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abandoned as police beat mothers
Jan Raath, The Times (UK)
July 27, 2007
A group of nursing mothers
were ordered to put down their babies by Zimbabwean police before
being beaten for hours.
The six women
were among 160 people rounded up at the offices of the National
Constitutional Assembly (NCA), an organisation dedicated to
constitutional reform, after activists tried to hold a demonstration.
They were taken to Harare
central police station and told to leave their babies in the corner
of a hall and join other adults lying on their stomachs.
For the next four or
five hours, witnesses say, the infants screamed as police lashed
their mothers and the other adults continuously with metre-long,
heavy rubber sticks.
"We were half men,
half women. There were six women with children. There were grandmummies,"
said a 35-year-old woman in hospital with a suspected broken shoulder.
"We were made to lie down on our stomachs in rows of five or
ten with our hands stretched out in front. All were beaten.
"From about 6pm
to 11pm they were beating us, nonstop, going up and down the rows,
one after another. When one group of police got tired another would
"They trampled on
our bodies with their boots. One of them hit me on my ear with his
hand. Now I cannot hear. They said we wanted to have the country
recolonised by Bush and Blair."
One of the mothers -
a thin, desperate-looking young woman in a worn, soiled red dress
- had not been on the march, but was arrested anyway. Her infant
son, who had been strapped to her back, was struck with a baton
as she was being forced on to the back of a police truck. Still
in shock in hospital yesterday, she was unable to answer questions.
She was given a packet
of powerful painkilling tablets for deep soft-tissue bruising to
her buttocks, back and the back of her thighs. "This is so
perverse it makes me want to vomit," the doctor examining her
and her child said.
Wednesday night's beatings
were the largest mass assault yet carried out by Zimbabwean police.
Violence in March, when Morgan Tsvangirai, the opposition leader,
and about 30 others were beaten for 2 1/2 hours, sparked international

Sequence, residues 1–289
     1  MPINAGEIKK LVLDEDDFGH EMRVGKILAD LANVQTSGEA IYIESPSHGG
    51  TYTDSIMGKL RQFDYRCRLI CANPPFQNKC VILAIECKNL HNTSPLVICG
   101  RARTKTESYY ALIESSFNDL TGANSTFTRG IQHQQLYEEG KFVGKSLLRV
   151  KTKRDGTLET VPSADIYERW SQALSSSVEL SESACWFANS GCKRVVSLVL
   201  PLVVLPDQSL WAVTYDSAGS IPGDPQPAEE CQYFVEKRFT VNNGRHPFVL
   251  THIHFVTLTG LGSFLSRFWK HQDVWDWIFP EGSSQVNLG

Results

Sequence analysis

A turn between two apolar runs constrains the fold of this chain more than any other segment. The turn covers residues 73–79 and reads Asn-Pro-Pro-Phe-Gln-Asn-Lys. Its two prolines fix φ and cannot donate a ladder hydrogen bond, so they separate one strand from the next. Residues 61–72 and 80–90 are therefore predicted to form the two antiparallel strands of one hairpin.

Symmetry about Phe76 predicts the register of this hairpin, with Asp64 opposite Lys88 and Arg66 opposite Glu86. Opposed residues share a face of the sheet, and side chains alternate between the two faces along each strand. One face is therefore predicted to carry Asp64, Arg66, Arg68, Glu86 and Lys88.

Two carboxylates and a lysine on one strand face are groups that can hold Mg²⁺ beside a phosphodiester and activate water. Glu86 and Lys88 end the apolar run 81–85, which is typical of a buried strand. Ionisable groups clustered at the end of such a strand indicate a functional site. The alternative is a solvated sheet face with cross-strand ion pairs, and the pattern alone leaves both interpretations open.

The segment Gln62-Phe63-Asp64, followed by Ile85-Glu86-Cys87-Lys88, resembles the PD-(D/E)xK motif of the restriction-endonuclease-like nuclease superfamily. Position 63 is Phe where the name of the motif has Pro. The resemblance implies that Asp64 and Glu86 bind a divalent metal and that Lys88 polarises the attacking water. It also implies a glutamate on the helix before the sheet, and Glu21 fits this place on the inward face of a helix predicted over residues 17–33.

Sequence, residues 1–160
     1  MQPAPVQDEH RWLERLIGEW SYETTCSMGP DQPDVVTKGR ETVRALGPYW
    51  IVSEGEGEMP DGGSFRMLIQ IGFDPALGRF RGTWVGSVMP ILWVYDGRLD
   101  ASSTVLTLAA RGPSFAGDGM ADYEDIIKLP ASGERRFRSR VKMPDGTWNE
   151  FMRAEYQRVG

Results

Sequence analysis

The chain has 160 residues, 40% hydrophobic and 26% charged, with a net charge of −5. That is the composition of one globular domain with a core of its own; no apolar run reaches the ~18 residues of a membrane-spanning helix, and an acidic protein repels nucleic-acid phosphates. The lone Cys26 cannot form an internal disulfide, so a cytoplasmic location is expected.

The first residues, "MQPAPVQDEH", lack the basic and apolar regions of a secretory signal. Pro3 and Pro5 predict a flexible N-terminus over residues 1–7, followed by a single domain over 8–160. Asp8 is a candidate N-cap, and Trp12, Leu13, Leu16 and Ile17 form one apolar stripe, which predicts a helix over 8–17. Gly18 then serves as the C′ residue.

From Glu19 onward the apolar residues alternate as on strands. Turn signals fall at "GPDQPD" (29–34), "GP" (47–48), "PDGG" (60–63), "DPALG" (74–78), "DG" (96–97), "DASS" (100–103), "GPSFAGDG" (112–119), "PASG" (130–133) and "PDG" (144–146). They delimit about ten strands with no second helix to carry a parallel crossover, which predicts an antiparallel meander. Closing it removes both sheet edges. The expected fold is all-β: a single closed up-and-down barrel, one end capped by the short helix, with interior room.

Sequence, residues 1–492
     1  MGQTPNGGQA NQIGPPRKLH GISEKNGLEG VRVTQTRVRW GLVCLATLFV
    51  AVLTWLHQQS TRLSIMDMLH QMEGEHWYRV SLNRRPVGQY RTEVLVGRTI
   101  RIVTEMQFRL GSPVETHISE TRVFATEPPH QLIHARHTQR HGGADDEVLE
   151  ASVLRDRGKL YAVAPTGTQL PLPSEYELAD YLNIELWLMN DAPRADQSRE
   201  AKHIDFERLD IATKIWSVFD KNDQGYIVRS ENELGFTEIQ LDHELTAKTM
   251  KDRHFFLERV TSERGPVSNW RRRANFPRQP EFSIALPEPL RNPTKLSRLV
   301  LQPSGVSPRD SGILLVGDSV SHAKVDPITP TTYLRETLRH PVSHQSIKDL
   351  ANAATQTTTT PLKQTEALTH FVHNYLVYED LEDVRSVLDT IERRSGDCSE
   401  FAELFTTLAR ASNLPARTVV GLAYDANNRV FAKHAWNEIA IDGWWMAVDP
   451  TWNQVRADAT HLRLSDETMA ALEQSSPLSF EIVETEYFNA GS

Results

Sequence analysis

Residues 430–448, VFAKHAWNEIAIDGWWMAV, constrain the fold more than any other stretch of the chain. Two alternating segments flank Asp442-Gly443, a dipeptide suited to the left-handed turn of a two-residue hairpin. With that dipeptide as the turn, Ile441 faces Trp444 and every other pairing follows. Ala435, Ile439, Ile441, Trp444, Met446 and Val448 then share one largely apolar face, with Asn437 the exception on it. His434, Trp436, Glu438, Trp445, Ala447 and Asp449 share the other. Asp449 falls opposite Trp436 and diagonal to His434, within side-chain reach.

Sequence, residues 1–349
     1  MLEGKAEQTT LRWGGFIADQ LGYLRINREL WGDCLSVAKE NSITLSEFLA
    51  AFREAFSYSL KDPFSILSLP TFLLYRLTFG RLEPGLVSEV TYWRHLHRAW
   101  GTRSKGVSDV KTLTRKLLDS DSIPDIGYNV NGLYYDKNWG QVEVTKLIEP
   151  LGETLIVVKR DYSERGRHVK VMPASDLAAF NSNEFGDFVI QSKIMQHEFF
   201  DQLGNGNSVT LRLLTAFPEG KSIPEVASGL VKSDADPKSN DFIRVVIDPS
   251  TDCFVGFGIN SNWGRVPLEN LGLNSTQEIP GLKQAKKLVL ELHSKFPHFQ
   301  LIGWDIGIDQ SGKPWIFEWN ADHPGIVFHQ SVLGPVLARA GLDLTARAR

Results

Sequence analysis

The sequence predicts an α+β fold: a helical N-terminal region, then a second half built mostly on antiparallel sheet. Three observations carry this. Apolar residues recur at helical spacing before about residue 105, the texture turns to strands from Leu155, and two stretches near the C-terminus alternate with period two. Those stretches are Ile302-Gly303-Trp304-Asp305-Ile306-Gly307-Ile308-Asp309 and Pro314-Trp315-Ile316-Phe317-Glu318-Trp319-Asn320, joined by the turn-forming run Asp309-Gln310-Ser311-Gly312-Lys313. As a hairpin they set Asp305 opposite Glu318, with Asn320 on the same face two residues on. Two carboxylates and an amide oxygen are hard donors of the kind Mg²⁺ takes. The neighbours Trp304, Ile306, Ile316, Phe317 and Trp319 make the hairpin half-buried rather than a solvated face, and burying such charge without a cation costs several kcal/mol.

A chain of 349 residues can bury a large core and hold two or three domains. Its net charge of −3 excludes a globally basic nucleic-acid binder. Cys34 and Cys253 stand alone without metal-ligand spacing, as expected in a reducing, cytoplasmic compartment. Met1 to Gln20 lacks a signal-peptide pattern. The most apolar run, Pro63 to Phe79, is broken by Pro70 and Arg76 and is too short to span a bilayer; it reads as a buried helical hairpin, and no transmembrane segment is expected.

"This time the intensity
was ten times worse," said the NCA chairman, Lovemore Madhuku,
who was among those assaulted in March but was not at the organisation's
offices when the police raided it on Wednesday. The victims yesterday
were so numerous that they had to have beds made for them on the
floors of at least two private hospitals. At a private clinic about
20 were still queueing for attention at 10am, including a scrawny,
elderly woman on her knees babbling prayers.
Among the injuries were
more than 30 skull, hand, arm and rib fractures. Nearly everyone
had widespread deep soft-tissue injuries.
After the March assaults
President Mugabe said that the victims "got what they asked
for". Mr Tsvangirai and the others were arrested on their way
to a prayer rally for peace, which police had been ordered not to
interfere with by the High Court.
The NCA holds "guerrilla"
demonstrations in the face of police brutality so often that they
are scarcely reported on. Almost every week young activists wander
into the city centre in ones and twos and, at a given signal, sprint
through the streets holding banners demanding a new constitution,
dispersing and regrouping with the riot police in pursuit. Inevitably,
several are caught and emerge a few days later, bloodied and battered.
"Yes, you will be beaten up, for sure," Mr Mugabe said
last year after trade union leaders had been assaulted for attempting
to hold a peaceful demonstration in Harare.
All those arrested yesterday
were released later. "We weren't made to pay a fine. There
were no charges," a man who gave his name as Ernest said. "All
they did was take our names. They didn't detain us overnight because
they knew it would be embarrassing to take us all to court."
A woman said that Mr
Madhuku had warned them that if they were caught they could be beaten
up. "I was scared. But I made myself strong. I told myself
if anything happens to me, it will happen to all of us," she
are to break our resolve," Ernest said. "But they have
strengthened it. The more they beat us, the more we realise we have
serious work to do."
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